Influential voices and talents are urging teams to decline their invitations.

This year has witnessed numerous million-dollar prize pool announcements, including ESL's DreamLeague and Birmingham tournaments, as well as the BetBoom Dacha events in February and October. However, when the Games of the Future Dota tournament came around, the applause wasn't as resounding.

The situation took a downturn when the list of invited teams became public. Ukrainian caster Vitalii "v1lat" Volochai promptly expressed his discomfort on X, stating that he would "personally do whatever it takes to mail to all EU countries the personal data of your players and staff after you visit Government funded russian tournament".

His warning included threatening to "do everything possible to enlist your player in a monthly update of the list of sportspersons who actively support terrorism." With numerous seven-figure tournaments taking place in Europe, encountering VISA issues could potentially bring an end to the careers of many pro players, especially since the DPC no longer serves as a sustainable option for them in their own region.

Nouns is the first team to decline their invitation

Following these publications, the North American team, nouns Esports, decided to withdraw from the event. Even though there is no public statement on their social media, Games of the Future's VK account shared the news with little to no context.

We have already talked about several teams that will come to Kazan for the YOTA DIGITAL MOBA tournament (Dota 2 + Superfinal). Unfortunately, one of the announced teams will not be able to participate in the competition. For reasons beyond the organizer's control, Nouns Esports is withdrawing from participation in the Future Games 2024 in Kazan.

This decision received a positive response from another Ukrainian talent, Oleksii "Bafik" Bafadarov, who expressed his disappointment to other organizations, such as Nigma Galaxy and Entity.

In his original post, Bafik states that Valve should ban teams participating in the Games of Future Dota tournament. The game publisher has still not made any statement on the matter.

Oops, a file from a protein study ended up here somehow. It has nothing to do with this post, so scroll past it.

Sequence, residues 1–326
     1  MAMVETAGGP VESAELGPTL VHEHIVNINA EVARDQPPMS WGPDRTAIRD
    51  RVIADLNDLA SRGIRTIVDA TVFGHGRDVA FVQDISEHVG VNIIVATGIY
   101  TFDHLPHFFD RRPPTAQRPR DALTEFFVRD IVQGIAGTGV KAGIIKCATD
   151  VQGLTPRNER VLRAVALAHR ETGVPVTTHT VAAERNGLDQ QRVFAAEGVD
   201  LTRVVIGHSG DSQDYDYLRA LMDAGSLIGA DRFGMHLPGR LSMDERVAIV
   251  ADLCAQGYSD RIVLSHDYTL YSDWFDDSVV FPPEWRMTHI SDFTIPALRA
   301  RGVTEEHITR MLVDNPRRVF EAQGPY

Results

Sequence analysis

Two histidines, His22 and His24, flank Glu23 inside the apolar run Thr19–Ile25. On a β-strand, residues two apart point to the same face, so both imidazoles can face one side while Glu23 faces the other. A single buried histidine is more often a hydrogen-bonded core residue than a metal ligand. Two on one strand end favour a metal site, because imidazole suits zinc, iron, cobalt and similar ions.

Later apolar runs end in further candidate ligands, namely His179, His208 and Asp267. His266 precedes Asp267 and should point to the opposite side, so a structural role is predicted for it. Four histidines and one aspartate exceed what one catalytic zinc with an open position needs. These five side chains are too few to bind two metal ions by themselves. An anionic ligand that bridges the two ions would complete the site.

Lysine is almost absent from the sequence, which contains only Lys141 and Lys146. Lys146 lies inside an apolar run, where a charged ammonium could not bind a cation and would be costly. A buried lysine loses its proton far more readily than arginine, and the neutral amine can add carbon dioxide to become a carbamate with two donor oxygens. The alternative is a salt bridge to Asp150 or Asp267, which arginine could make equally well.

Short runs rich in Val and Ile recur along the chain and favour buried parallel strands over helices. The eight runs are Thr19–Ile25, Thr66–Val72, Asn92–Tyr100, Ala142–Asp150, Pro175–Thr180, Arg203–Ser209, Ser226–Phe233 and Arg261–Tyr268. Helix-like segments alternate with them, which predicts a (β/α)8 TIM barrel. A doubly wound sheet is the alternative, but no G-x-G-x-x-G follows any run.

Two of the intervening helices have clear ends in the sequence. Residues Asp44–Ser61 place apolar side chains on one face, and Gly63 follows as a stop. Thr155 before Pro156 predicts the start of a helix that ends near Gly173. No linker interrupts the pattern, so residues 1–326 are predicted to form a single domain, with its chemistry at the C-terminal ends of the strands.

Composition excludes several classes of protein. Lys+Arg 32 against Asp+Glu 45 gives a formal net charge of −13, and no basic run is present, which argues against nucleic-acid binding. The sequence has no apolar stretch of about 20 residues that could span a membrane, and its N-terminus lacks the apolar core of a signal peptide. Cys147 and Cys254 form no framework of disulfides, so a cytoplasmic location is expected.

South American teams in the eye of the storm.

With only one slot available for every regional qualifier (and sometimes having to share that slot with NA), not many South American teams can afford to reject a million-dollar, life-changing opportunity. Allegedly, the only SA team that declined an invitation to the Games of Future Dota tournament was Heroic. This was pointed out by one of Héctor "K1" Rodríguez's followers.

Heroic was invited, but they rejected their invitation due to the conflict developing between Russia and Ukraine (as K1 said on stream).

Translation of a follower response on Arseny Kuzminsky's X post.

Sadly, there's no clip of this, but we found a confirmation by Cedric "Davai Lama" Deckmyn in the same thread.

What about Nigma Galaxy and Entity?

As this story develops, more public figures are asking Nigma Galaxy and Entity to withdraw from the tournament. Former TI player and talent, Andrii "Ghostik" Kadyk, got a lot of support on his own X post.

Adding to this, Esports Charts and Streams Charts CEO, Artyom Odintsov, mentioned that the situation is even worse for the Mobile Legends: Bang Bang pro scene. He says that the teams participating are Tier 1 names that currently compete for their World Cup.

In my opinion, the situation in MLBB is more challenging. No one will watch Dota except the Russian audience. But in MLBB, a significant part of those who will be at the World Cup and IESF in Riyadh, where other top clubs will be nearby. Twisted, for example, the winners of the team standings in 2023. Plus, the fan base and coverage of these teams are much larger than those of Dota players. RRQ has 5 million followers on Instagram, and ONIC has 2 million. In terms of propaganda, the coverage extends to millions of SEA audience.

Artyom Odintsov's X response translation.

The backlash to the tournament stems from the fact that the event is sponsored by the Russian government. Dota 2 is extremely popular in the CIS region with a large fanbase. Prior to the Russia-Ukraine conflict, there were top tier tournaments in these countries with the participation of most of the big names in Dota 2.

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